- The Washington Times - Monday, April 18, 2005

Financial industry analysts are predicting steady gains this year for Virginia Commerce Bank, even as many other banks suffer setbacks from rising interest rates.

The Arlington bank is scheduled to offer its investors a 5-for-4 stock split May 9 while it moves ahead with its expansion plans.

In each of the last 10 years, the bank has given shareholders either a stock dividend or a stock split.

Virginia Commerce “remains one of our favorite small-cap bank stocks,” said Mark A. Muth, a research analyst for the financial firm Financial Institutions Group. “While bank stocks in general may face a difficult year in 2005, given potential sector rotation out of the stocks, we believe that [Virginia Commerce] will outperform peers as the company’s robust growth will allow the stock to grow through easing sector valuations.”

Virginia Commerce has 11.2 million shares outstanding. Its stock, [Nasdaq: VCBI] has risen 16 percent in the last year.

About 70 percent of its lending is focused on commercial real estate and construction.

Earlier this month, the bank announced it is starting an equipment-leasing business, which will be directed at its commercial customers.

It also plans to open two new branches in the next eight months.

The rising fortunes of Virginia Commerce result at least in part from the growing Northern Virginia economy.

“We are in a great market,” said Peter Converse, the bank’s chief executive officer for the last 11 years. “We seem to be doing the best job of maximizing the opportunities the market presents.”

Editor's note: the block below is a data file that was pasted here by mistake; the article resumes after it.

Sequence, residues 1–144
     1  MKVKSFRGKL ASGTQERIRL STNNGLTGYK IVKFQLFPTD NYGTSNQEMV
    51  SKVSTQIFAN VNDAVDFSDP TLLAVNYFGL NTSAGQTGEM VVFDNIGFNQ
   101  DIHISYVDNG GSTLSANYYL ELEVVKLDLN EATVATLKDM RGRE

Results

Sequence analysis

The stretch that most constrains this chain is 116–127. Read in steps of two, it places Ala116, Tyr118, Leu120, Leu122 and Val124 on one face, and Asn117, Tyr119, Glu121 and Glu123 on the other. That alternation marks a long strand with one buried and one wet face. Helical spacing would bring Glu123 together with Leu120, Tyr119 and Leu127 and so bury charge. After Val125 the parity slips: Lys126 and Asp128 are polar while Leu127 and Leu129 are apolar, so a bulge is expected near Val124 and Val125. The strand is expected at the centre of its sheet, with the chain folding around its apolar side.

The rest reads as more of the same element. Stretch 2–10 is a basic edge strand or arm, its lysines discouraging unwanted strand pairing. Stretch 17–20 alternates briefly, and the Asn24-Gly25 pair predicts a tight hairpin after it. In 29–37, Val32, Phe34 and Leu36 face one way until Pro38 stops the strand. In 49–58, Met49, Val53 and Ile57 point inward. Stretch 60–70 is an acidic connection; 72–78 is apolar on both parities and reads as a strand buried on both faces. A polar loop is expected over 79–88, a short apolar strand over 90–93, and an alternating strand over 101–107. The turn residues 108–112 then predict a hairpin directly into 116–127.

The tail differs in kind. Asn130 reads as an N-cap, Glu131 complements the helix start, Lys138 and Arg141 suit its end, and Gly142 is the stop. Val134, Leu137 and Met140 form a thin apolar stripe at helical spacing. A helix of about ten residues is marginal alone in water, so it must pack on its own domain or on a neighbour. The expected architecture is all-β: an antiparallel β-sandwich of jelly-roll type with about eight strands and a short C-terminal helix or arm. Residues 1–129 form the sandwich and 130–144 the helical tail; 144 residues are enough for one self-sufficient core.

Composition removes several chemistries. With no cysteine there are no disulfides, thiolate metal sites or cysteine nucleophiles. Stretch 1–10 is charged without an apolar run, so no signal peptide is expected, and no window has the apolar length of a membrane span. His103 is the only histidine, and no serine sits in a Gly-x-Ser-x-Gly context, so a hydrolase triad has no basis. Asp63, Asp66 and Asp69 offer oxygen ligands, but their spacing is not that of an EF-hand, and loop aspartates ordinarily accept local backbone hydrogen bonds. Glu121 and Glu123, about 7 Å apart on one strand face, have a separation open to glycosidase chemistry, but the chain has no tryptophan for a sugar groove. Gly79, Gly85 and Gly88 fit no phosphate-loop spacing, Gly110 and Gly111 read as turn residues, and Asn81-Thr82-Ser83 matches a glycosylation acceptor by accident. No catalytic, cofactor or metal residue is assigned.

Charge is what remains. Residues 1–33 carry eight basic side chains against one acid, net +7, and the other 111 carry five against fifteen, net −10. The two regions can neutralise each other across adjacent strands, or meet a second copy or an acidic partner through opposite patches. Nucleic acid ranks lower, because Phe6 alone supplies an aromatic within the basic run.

The bank’s first quarter net income rose to $4.3 million, 40 percent more than the $3.1 million in the same period a year earlier.

The bank holds deposits of more than $1 billion from about 30,000 customers, most of them in Northern Virginia.

The stock closed at $27.60 per share yesterday on the Nasdaq Stock Market, up $1.60, or 6.15 percent, from Friday’s close.

Despite rising income, the bank has tried to stay true to its original mission since it was founded in 1988 of serving the local community.

“We’re a typical community bank,” Mr. Converse said.

One of the bank’s key investments has been in its 215 employees, he said.

They get most of the credit for Virginia Commerce’s ability to win new depositors and loan customers, he said.

“We try to hire the best of the best in bank personnel,” Mr. Converse said.

Their compensation includes generous incentive bonuses for bringing in new customers.

The question among stock analysts is whether Virginia Commerce can continue to hold on to its growth rate as more banks try to cash in on the Washington area’s strong economy.

“Banks generally flock to high-growth markets,” said Brad Ness, a research analyst for the Arlington investment banking firm of Friedman, Billings & Ramsey. “At the end of the day, [Virginia Commerce is] a small bank, and they need to compete against the big banks.”

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